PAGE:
Insert photos are from Emmanuel Lutheran, Covenant and First United Methodist churches.
You can hear the Johnny Cash song mentioned in this article on YouTube. CLICK HERE.
Wayne Howard Staff Writer
The services varied. From cathedrals to country churches, area churches joined those across the nation in celebrating their beliefs in a time of great trouble. Many of the messages that were shared touched on the topic of the worldwide epidemic.
Some used their church's web page; others relied on YouTube; and many put their Sunday worship services on their Facebook page. As difficult as the current situation may be--having to stay home most of the time and avoid gatherings including congregational events, it is important to know that had the same thing happened half a century ago, there would have been no way for churches to do what they did these last two Sundays. Many others have already announced similar plans for next weekend.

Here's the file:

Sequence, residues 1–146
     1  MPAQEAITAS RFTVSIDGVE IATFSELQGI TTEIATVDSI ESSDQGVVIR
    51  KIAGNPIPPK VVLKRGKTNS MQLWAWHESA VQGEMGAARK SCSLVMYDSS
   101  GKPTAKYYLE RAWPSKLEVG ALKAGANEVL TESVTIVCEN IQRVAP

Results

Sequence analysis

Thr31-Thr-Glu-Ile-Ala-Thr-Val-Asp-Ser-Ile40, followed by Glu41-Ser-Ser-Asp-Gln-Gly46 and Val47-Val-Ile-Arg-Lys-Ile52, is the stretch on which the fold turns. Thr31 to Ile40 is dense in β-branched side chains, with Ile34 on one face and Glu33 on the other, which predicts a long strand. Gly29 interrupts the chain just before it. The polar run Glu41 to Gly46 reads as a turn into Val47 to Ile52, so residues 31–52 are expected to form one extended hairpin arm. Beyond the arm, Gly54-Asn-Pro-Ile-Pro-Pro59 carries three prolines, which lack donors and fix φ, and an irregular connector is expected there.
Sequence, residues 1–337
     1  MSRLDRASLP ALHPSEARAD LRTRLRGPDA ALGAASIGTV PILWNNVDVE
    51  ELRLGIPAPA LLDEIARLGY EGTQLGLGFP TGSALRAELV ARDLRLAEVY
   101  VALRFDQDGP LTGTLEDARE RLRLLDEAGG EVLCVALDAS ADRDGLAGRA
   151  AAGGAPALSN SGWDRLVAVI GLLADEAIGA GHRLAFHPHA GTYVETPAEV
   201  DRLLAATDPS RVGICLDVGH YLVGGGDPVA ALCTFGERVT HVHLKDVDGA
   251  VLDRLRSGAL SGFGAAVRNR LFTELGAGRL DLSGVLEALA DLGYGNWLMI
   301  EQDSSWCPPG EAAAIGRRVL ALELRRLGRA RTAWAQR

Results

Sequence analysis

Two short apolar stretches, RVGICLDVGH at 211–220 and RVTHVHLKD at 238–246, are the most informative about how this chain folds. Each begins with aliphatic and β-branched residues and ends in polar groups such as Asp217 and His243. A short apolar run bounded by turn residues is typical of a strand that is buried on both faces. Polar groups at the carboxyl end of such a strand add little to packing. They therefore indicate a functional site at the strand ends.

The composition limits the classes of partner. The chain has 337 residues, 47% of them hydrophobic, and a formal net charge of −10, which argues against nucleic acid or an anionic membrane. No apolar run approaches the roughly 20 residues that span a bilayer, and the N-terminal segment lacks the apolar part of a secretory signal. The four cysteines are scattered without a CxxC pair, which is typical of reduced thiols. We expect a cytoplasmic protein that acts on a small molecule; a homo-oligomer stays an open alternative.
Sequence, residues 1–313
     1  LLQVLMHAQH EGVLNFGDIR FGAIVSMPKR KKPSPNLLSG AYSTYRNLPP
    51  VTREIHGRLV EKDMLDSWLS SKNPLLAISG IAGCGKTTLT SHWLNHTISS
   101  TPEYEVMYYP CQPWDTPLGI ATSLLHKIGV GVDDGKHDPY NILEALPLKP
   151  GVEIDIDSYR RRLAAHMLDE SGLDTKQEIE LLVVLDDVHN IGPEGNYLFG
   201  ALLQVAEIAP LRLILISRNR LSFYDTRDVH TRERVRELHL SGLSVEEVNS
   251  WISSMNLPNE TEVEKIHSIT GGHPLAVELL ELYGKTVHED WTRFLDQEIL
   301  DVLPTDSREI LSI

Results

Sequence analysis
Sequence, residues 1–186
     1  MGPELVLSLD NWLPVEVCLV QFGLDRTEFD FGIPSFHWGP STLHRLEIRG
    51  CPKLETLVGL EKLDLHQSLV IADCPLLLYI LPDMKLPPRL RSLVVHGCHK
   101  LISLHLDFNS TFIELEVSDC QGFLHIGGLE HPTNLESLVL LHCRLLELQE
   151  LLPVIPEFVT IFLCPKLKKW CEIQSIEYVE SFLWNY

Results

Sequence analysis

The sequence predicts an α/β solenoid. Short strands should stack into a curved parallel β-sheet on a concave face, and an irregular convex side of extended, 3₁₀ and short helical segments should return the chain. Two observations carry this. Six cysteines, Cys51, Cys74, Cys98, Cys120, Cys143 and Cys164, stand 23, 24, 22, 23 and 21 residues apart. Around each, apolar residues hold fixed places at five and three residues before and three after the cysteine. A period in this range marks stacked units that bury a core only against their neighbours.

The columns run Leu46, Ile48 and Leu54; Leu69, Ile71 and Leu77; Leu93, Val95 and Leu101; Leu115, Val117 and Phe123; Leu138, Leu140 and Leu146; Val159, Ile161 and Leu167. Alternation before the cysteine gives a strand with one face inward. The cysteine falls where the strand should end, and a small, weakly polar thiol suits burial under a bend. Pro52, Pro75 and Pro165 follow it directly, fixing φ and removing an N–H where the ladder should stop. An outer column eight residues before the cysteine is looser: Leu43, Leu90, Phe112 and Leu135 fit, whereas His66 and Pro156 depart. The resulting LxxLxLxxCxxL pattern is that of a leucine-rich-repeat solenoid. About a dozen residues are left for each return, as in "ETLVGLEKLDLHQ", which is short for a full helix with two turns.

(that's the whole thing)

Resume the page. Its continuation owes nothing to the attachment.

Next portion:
Some of the sermons were presented in a more traditional manner; others were more like casual conversations. One pastor noted that members of the early church had to fear for their lives from the Roman army. "Now we live in fear of what this virus may do, but we still hold to our faith that God will see us through."
At Covenant Church, Mike Devine said he's convinced that the church will emerge from this epidemic stronger than ever.
At Dallas Baptist Church, Scott Hinson spoke on Lazarus and Jesus raising him from the dead. "It was a glimpse at the future--of the resurrection that was to come," he said.
These are indeed difficult times. The Hebrew phrase at the bottom left of the photos with this article is "Gam zeh ya'avor," meaning "This too shall pass." This saying is NOT in the Bible. It comes from the Jewish Midrash, a collection of teachings on Scripture. It is said that King Solomon was humbled by these words.
The Lincoln Herald will add church announcements (postponements, cancellations, etc.) to our article about schedule changes later in the week.
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